Federal Highway Administration
400 Seventh St., S.W.
Washington, D.C. 20590
June 2, 2006
In Reply Refer To: HSA-10/B-148
Mr. Steve L. Brown
Trinity Highway Safety Products Division
P.O. Box 568887
Dallas, Texas 75356-8887
Dear Mr. Brown:
In his April 28, 2006 letter to Mr. Richard Powers, Mr. Brian Smith requested the Federal Highway Administration (FHWA) acceptance of a new strong post Thrie-beam guardrail design called the T-39. With the letter, he also sent copies of a Texas Transportation Institute (TTI) report dated April 2006, entitled "Testing and Evaluation of the T-39 Thrie-Beam Longitudinal Barrier", and digital videos of the three tests that were run.
The T-39 Thrie-beam guardrail uses standard 12-gauge Thrie-beam panels mounted on modified W6 x 8.5 steel posts with a top-of-rail height of 39 inches. The modified posts, called Steel Yielding Line Posts (SYLP) posts are 6-feet long and set in the ground to a depth of 40 inches on standard 6-ft, 3-inch centers. Each post has four 13/16-inch diameter holes in the flanges at the ground line. The rail is attached to each post without an offset block using a 5/8-inch diameter x 1-3/4-inch long special bolt with a slotted countersunk head. A 6-inch long section of W-beam called a flange protector (backup plate) is used at each post. All splices in the Thrie-beam rail elements fall midspan, between adjacent posts. Design details for the SYLP post and its unique connection bolt are shown on Enclosure 1. Note that the top of the post is 32 inches above the ground and that the top of the Thrie-beam is 7 inches higher. The T-39 railing can be installed as a roadside barrier with rail only on the traffic side of the posts (as shown in Enclosure 1) or as a symmetrical median barrier with Thrie-beam mounted on both sides of the support posts.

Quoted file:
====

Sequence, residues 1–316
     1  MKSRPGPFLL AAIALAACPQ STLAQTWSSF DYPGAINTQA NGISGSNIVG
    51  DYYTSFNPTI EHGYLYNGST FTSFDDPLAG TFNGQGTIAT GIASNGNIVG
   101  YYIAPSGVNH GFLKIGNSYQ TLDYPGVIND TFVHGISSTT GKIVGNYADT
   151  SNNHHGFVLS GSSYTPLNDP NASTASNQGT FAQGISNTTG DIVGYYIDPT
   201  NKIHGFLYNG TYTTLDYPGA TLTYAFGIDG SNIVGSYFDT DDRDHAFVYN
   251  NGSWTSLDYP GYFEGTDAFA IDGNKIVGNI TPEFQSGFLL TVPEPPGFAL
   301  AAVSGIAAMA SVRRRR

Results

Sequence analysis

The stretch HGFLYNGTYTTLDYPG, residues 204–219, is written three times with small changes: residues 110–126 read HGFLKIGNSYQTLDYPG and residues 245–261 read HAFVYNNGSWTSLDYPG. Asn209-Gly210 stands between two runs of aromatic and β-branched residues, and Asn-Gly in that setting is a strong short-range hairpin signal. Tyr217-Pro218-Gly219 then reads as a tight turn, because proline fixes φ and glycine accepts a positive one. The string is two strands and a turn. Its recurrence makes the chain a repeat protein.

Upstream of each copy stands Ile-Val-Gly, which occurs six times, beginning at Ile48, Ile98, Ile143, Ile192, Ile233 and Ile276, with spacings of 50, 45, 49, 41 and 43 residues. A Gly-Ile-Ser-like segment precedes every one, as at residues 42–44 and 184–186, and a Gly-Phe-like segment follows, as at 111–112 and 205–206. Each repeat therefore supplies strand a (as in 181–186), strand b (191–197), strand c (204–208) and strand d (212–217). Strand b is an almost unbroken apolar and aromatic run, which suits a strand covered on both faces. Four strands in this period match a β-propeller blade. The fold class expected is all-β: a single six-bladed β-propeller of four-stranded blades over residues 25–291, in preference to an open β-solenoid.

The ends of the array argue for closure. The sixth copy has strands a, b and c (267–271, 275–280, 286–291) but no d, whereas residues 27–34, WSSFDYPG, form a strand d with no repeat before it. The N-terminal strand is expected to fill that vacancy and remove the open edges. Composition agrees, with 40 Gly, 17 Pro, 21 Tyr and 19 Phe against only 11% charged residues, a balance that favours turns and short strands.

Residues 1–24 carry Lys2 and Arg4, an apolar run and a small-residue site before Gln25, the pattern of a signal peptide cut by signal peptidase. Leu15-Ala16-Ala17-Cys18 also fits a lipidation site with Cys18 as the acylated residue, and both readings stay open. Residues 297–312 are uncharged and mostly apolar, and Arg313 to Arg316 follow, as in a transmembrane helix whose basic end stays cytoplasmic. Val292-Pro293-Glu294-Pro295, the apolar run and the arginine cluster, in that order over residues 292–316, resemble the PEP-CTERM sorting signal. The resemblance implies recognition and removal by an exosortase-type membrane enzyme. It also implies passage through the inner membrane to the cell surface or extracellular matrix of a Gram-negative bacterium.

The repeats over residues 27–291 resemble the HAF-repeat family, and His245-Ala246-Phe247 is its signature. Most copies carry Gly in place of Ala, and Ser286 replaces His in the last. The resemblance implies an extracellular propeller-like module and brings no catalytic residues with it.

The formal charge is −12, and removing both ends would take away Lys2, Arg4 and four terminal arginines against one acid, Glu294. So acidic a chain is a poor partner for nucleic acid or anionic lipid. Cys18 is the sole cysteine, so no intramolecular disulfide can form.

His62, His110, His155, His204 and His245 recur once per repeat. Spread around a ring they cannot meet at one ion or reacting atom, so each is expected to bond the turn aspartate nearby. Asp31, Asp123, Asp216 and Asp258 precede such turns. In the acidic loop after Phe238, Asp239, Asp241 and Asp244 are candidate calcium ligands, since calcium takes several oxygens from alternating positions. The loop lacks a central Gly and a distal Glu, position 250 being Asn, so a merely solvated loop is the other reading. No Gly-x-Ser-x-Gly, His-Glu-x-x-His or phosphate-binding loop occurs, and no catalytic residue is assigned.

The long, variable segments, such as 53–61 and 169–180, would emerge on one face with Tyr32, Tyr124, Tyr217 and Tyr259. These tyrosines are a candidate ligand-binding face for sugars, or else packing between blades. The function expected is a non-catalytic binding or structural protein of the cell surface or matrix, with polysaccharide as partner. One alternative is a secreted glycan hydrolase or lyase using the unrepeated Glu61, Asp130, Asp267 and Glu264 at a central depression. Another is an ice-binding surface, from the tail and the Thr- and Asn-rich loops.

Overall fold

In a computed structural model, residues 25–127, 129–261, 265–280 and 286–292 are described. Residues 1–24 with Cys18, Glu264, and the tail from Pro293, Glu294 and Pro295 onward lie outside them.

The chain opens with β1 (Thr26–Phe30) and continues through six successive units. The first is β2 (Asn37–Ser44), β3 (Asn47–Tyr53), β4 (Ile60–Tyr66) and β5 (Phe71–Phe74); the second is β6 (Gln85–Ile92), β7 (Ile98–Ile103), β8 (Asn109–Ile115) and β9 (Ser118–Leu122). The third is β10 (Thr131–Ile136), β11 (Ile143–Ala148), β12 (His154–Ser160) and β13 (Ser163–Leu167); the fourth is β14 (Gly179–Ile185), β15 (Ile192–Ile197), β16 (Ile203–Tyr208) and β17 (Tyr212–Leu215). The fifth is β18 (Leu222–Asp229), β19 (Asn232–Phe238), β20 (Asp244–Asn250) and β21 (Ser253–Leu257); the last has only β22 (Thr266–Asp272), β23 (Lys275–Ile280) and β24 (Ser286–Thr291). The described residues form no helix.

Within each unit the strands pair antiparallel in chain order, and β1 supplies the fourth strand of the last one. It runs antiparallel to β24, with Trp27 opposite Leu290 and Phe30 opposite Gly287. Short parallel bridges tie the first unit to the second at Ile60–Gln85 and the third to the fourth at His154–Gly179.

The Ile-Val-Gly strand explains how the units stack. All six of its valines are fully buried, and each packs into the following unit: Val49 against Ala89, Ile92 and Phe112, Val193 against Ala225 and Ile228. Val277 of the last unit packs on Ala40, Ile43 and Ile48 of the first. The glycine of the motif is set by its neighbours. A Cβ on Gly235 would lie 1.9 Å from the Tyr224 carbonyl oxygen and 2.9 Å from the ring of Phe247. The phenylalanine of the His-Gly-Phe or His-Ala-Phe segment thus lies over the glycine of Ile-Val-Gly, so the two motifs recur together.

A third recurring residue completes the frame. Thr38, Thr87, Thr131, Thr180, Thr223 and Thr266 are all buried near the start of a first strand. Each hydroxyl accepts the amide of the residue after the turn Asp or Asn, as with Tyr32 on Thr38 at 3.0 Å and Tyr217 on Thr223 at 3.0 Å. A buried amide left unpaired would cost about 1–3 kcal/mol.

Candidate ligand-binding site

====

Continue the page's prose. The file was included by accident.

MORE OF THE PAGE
Test 3-10 was conducted using the current National Cooperative Highway Research Program Report 350 small car (820C) impacting the T-39 median barrier at a 20-degree angle. The median design was used for this test because the stiffer of the two designs was deemed more likely to cause the small car to impact and interact with the posts. Test 3-11 was conducted with a quad-cab pickup truck having a nominal weight of 2270 kg (currently proposed as the new test vehicle under the Report 350 update) into the roadside version of the T-39, and test 4-11 was run using the standard single-unit truck, also into the roadside design. For the latter two tests, it was believed that the roadside design would be most likely to fail with the larger vehicles due to increased dynamic deflection. My staff agreed with these assumptions. Summary sheets for each of these tests are shown in Enclosure 2.
Based on these test results, both the median and roadside versions of the T-39 guardrail, as described above, may be considered crashworthy under the existing Report 350 guidelines as test level 4 (TL-4) barriers and may be used on the National Highway System when such use is acceptable to the contracting authority. When new testing guidelines are formally adopted, you may choose to rerun the small car test at the 25-degree impact angle proposed by the researchers for test 3-10 since your small car test was deemed marginal (due to passenger compartment deformation) under the current 20-degree impact angle. Because the rail height exceeds that of existing metal beam guardrails, you will need to develop transition designs if the T-39 rail is connected to a bridge parapet or to a crashworthy W-beam terminal. Potential users also need to be aware that under TL-4 impact conditions, the truck box exhibited an estimated roll angle of over 30 degrees (the cab roll angle was reported as 12 degrees), and extended more than 3 feet beyond the deflected rail. This area must be kept free of rigid vertical objects such as overhead/cantilever sign supports and bridge piers.
Please note the following standard provisions that apply to the FHWA letters of acceptance:
/original signed by/
John R. Baxter, P.E.
Director, Office of Safety Design
Office of Safety
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